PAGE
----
Here are some new ‘rules’ to aide the older, more mature golfer
It’s now springtime in Ohio and young men’s thoughts turn to … well, I don’t really know what young men think about this time of year. What I do know is that my thoughts, as well as those of my links buddies, turn to golf. Despite the fact that you may well wake up tomorrow to some more of that white stuff, golf season is just around the corner.
Some groups have already started their season including Bump’s Traveling League. My group, which includes our own Bump (Dave Yerkes), will begin play this week. That means that old guys like myself, will try to get in good enough physical condition that we will be able to finish 18 holes. For some that means a sensible diet and late winter conditioning.
Personally I will show up on opening day and do my usual stretching routine. That involves bending over with hands on knees. Stretch for a few seconds in that position and if you can straighten up, you’re ready to go. Don’t laugh, I did that at a course last summer and could not get back up. There was no golf that day!
Let’s face it, golf is a difficult game. It does not get easier as one gets older. What we gain in experience is offset by loss of distance, lack of feel and nerves that get jittery as we stand over that 4-foot par putt.
So when I ran across some new rules for the most senior golfers amongst us, I decided to share them with you. If your group thinks these rules should be implemented, then go ahead and do so. Old golfers have suffered enough embarrassments and should be rewarded for being so dedicated.
Here then is the list of new rules for Senior Golfers.
Rule 1.k.34 (a): If a tree is between the ball and the hole, and the tree is deemed to be younger than the player, then the ball can be moved without penalty. This is so because this is simply a question of timing: when the player was younger, the tree was not there so the player is being penalized because of his age.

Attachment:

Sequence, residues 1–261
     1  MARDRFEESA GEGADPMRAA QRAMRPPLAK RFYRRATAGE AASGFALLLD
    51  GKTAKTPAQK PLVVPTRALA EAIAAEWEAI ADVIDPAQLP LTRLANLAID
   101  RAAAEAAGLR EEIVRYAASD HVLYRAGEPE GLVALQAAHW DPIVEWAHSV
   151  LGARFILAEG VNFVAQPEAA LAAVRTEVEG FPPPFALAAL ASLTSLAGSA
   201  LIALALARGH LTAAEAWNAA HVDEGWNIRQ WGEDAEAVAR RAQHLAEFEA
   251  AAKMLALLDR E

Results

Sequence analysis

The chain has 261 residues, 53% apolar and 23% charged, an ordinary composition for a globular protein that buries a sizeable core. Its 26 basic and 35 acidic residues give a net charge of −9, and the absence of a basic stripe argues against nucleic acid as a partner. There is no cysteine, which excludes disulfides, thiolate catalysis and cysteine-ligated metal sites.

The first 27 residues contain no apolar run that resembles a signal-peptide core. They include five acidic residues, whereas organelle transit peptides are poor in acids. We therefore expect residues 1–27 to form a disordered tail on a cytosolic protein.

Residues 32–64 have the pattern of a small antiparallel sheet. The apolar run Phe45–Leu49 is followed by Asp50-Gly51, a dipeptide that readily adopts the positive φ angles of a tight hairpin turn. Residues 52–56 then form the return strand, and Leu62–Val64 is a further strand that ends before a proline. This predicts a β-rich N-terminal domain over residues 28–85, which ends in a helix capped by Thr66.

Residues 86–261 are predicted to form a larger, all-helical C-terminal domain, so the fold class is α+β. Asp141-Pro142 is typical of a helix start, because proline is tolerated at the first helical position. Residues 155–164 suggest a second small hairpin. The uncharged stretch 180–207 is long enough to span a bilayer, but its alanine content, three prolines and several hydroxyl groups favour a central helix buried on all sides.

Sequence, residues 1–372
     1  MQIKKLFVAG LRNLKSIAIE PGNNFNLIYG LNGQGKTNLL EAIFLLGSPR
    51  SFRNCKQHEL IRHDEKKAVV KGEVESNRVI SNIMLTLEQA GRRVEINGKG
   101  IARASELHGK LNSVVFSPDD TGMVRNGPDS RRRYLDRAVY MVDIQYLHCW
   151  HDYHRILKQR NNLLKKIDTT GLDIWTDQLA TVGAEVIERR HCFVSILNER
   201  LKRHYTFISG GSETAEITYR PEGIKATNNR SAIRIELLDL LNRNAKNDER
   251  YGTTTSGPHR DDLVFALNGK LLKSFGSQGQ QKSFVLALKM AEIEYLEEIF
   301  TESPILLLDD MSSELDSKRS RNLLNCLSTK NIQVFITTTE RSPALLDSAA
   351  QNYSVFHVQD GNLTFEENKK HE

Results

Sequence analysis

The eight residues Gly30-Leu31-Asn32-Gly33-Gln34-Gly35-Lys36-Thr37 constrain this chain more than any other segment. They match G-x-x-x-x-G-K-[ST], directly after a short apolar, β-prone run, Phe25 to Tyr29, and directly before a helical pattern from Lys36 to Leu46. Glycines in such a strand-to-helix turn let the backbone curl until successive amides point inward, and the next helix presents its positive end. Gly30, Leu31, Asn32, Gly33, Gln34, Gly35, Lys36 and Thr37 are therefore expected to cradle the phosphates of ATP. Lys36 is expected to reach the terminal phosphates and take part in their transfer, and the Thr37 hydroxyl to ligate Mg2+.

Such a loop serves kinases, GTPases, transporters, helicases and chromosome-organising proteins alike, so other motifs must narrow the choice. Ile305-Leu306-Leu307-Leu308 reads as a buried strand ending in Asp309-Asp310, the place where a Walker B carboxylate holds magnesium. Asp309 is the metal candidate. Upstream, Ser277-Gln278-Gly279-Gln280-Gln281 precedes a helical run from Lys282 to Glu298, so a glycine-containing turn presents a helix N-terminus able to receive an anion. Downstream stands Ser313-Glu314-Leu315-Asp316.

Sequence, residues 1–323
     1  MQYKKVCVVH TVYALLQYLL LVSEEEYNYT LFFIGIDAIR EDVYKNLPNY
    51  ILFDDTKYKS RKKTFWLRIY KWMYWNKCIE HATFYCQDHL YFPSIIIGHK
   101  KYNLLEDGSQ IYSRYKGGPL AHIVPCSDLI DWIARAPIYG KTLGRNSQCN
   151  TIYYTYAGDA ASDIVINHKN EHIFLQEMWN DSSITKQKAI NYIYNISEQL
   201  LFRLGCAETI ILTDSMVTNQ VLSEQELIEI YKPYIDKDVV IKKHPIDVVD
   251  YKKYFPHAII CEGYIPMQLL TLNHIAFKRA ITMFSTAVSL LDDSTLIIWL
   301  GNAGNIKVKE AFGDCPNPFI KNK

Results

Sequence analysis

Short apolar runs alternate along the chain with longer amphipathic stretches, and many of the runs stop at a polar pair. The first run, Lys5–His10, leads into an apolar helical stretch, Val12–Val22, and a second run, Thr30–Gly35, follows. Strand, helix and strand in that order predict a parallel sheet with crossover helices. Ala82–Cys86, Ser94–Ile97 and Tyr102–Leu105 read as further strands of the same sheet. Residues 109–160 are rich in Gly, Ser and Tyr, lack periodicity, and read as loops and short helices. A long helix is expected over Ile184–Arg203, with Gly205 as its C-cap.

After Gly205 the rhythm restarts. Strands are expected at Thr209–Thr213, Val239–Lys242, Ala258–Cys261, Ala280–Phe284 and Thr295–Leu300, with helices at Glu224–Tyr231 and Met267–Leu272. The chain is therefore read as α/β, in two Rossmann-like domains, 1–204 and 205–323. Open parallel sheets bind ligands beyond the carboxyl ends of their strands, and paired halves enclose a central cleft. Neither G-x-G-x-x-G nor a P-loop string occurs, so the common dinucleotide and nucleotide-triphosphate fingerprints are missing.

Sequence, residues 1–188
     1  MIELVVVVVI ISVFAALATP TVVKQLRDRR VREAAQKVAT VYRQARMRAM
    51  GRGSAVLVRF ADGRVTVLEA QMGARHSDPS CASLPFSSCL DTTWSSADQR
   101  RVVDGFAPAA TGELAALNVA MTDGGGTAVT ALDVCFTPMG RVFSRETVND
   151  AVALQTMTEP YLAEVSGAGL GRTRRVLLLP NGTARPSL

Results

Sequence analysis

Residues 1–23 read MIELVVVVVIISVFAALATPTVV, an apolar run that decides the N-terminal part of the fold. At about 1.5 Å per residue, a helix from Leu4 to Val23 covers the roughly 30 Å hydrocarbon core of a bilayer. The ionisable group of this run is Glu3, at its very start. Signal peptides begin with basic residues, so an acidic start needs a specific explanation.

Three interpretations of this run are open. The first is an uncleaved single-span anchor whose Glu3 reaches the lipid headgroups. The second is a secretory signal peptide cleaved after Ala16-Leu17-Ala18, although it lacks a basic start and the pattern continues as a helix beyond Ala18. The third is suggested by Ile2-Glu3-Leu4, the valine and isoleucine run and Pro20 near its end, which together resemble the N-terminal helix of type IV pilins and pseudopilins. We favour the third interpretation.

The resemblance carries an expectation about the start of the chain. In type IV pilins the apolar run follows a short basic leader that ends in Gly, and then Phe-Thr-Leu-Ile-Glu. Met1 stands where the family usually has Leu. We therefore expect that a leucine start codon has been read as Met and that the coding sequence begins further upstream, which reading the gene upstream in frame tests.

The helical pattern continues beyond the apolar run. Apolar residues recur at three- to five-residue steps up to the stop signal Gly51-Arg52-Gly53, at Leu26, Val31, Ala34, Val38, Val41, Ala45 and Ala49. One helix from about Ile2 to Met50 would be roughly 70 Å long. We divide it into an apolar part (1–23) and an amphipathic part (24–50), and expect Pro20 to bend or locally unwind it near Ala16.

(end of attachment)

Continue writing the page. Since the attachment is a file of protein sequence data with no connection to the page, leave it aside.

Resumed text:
Rule 2.c.7 (h): If a putt passes over a hole without dropping, it is deemed to have dropped. The Law of Gravity supersedes the Rules of Golf.
Rule 3.a.5: A ball sliced or hooked into the rough shall be lifted and placed on the fairway at a point equal to the distance it carried or rolled into the rough with no penalty. The senior (you may set your own minimum age) player should not be penalized for tall grass which groundkeepers failed to mow.
Rule 4.k.9 (S): Advertisements claim that golf scores can be improved by purchasing new golf equipment. Since this is financially impractical for many senior players, one-half stroke per hole may be subtracted for using old equipment.
Rule 5.G.15 (2): There is no penalty for a ball in a water hazard, as golf balls should float. Senior players should not be penalized for any shortcomings of the manufacturers.
Rule 6.a.9 (K): There is no penalty for so called “out of bounds.” If penny-pinching golf course owners bought sufficient land, this would not occur. The senior player deserves an apology, not a penalty.
Rule 7.d.6 (B): A ball hitting a tree shall be deemed NOT to have hit the tree. This is simply bad luck and luck has no place in a scientific game. The senior player must estimate the distance the ball would have traveled if it had not hit the tree, and play the ball from there.
Rule 8.b.3 (G): There shall be no such thing as a lost ball. The missing ball is on or near the course and will eventually be found and pocketed by someone else, thereby making it a stolen ball. The senior player is not to compound the felony by charging himself with a penalty.
Rule 9: Putts that stop close enough to the cup that they could be blown in, may be blown in. This does not apply to balls more than three inches from the hole. No one wants to make a mockery of the game.
My thanks and a hat tip goes out to old friend John Watson in Florida who sent me these rules. I promise to bring them up this week. I do however have a problem with rule No. 9.
Given our physical limitations, one cannot really expect us to get down on all fours to blow the ball in. Remember, getting back up can be difficult. So I suggest we just count it as having gone in. Instead of “that’s good” we can simply say “close enough.”
As for making a mockery of the game!?! I think we crossed that bridge long before we got to rule No. 9.
Al Stephenson is a columnist for The Advertiser-Tribune.
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